- Be nonjudgmental. When dealing with a person who has depression and an addictive disorder, it’s crucial to remember that both conditions are a form of illness, not lifestyle choices. Before criticizing another person who is depressed and abusing drugs or alcohol, remind yourself that these are symptoms of a disease that affects people from all walks of life.
- Be prepared to offer solutions. Depression is often characterized by low levels of motivation and an inability to make decisions. If your loved one agrees to get help, you should be prepared to offer specific resources and to help make arrangements to access those services.
Mental health professionals can be valuable partners in the process of intervening on behalf of someone who has depression. With the guidance of a therapist, families can learn about the facts behind depression and develop a better understanding of how to relate to someone who has this disorder.
If substance abuse is a factor, a therapist or intervention specialist can provide guidelines on how to effectively get help for someone with depression.
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- Fluoxetine (Prozac).17
- Citalopram (Celexa).18
- Sertraline (Zoloft).19
- Educating loved ones about depression and addiction.
- Improving communication among family members.
- Setting realistic boundaries.
- Establishing an environment at home that supports sobriety.
- The Brain & Behavior Research Foundation
- Mental Health America
- National Alliance on Mental Illness
- Screening for Mental Health
- National Institute of Mental Health
- American Society for Adolescent Psychiatry
- American Academy of Child Adolescent Psychiatry
- Strength of Us
- The National Child Traumatic Stress Network
- Depression and Bipolar Support
- Anxiety and Depression Association of America
- American Foundation for Suicide Prevention
- Families for Depression Awareness
Therapies & Interventions
The treatment of depressive disorders with co-occurring addiction can be challenging. Depressive symptoms such as low motivation, low self-worth, and a flat emotional affect may imitate the effects of chemical intoxication or withdrawal.
In order for the treatment team to distinguish between the effects of depression and substance abuse, the client must undergo a thorough psychiatric assessment.15 Although major depressive disorder is one of the most serious, debilitating types of mental illness, it’s also very treatable with the right combination of therapeutic strategies. With the help of qualified, licensed mental health professionals, depressed individuals can be treated, and their families can recover hope for the future.16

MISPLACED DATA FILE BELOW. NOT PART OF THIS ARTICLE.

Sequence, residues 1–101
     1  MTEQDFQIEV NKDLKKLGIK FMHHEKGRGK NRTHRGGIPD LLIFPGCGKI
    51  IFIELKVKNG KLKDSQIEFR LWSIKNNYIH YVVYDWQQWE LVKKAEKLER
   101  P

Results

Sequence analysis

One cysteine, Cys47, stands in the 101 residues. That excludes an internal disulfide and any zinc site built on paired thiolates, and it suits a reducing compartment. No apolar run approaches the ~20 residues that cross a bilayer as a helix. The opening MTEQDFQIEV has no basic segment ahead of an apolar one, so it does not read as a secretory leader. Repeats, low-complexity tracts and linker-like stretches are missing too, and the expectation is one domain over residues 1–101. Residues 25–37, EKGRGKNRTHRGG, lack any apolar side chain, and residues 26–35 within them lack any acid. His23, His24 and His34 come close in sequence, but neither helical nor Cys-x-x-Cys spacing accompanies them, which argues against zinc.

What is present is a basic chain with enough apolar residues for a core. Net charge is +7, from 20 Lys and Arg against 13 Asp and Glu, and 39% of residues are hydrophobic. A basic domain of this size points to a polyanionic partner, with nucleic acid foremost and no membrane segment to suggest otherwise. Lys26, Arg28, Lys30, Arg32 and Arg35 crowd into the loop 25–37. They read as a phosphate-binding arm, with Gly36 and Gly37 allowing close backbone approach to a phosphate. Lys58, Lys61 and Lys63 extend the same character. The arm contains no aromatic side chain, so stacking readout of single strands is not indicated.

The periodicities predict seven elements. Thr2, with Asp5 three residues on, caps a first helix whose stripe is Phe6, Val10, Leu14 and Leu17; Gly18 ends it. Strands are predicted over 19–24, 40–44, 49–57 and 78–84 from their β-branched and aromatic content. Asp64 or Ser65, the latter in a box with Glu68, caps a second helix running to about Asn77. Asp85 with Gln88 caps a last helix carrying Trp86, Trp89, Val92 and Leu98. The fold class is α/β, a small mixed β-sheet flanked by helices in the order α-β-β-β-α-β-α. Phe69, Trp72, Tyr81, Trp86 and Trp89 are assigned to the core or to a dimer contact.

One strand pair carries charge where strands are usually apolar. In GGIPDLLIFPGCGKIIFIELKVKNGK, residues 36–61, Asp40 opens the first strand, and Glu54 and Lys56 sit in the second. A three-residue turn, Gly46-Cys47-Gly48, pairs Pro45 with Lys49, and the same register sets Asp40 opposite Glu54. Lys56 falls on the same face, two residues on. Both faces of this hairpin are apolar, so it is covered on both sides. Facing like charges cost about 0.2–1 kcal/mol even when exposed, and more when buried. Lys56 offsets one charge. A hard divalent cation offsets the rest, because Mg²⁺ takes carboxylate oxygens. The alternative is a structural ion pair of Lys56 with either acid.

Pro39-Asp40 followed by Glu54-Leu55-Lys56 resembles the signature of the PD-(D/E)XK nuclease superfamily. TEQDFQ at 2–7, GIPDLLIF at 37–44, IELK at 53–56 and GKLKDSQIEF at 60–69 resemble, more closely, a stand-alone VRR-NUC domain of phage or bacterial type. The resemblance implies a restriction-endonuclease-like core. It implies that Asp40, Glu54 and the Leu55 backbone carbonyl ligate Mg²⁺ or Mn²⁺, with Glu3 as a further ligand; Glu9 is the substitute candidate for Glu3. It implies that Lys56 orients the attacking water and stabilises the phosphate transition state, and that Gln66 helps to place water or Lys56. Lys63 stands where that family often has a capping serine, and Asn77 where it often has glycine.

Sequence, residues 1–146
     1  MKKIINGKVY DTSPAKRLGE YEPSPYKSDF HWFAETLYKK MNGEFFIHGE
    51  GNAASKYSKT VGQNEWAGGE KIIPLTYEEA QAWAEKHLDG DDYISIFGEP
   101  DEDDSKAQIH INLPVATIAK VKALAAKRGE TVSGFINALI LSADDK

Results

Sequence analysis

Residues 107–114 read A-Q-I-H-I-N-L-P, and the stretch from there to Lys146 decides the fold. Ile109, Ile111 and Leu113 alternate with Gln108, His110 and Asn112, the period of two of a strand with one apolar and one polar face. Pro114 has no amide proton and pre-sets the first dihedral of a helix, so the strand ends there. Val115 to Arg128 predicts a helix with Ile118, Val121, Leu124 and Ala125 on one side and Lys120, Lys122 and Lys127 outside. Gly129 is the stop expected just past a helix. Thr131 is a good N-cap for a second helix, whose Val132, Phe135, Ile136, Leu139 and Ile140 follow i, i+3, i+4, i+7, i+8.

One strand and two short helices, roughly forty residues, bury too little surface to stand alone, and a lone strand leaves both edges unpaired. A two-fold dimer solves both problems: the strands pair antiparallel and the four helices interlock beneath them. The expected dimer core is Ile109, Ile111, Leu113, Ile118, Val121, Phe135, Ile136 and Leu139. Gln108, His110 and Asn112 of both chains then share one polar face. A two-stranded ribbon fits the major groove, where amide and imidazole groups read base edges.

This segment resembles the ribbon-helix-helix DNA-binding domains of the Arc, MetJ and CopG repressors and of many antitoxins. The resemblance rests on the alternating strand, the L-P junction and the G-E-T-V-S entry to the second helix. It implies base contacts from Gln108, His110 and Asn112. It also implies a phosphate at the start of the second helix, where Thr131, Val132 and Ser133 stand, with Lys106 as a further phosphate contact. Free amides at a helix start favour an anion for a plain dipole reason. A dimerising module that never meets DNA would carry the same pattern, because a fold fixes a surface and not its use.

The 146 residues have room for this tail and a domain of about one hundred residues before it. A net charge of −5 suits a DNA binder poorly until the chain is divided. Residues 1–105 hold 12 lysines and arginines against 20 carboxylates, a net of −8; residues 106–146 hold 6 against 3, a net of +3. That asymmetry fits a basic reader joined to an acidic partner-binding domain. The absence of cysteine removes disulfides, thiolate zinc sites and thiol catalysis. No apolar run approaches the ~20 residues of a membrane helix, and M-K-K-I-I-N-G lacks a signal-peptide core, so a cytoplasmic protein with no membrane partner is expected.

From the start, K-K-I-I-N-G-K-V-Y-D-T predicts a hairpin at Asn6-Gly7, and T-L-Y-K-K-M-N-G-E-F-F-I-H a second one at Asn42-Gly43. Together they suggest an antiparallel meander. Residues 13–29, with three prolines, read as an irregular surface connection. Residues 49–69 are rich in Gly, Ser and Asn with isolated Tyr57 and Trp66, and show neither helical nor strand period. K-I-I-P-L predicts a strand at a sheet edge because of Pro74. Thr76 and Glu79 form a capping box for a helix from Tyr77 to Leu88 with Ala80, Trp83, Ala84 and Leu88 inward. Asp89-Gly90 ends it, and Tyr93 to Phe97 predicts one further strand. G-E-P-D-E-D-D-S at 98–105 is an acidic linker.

Medications for Depression
The most widely prescribed medications for depression are drugs in the SSRI category, such as:
These drugs correct chemical imbalances by increasing the level of serotonin, a neurotransmitter that affects mood, to the brain. SSRIs are now considered to be frontline pharmaceutical treatment for depression, as they have relatively mild side effects compared to older antidepressant medications.
Cognitive Behavioral Therapy (CBT)
CBT addresses the dysfunctional thoughts and actions that affect people with mood disorders like depression.20 Rather than delving into the roots of depression, CBT focuses on identifying and transforming self-defeating ideas and repetitive self-talk, such as “I’m worthless,” “I’ll never feel better,” or “I might as well drink, my life is so bad.”
Such negative thoughts can be replaced by more positive messages, while maladaptive coping skills can be replaced with more effective approaches to life’s stressors and triggers.
Motivational Interviewing (MI)
Unlike older, confrontational approaches to rehab and recovery, MI takes a positive, encouraging perspective, engaging the client in the recovery process through an active collaboration with the therapist.21
MI, as a therapeutic strategy, can be highly effective for individuals with depression, who have difficulty finding and maintaining internal sources of motivation. 21
If a history of trauma is a factor in a client’s depression or substance abuse, trauma therapies like Seeking Safety and eye movement desensitization reprocessing (EMDR) can help. These therapies help to reprocess troubling memories and resolve old sources of emotional pain, so the client can move on through the process of recovery and rehab.
Family Systems Therapy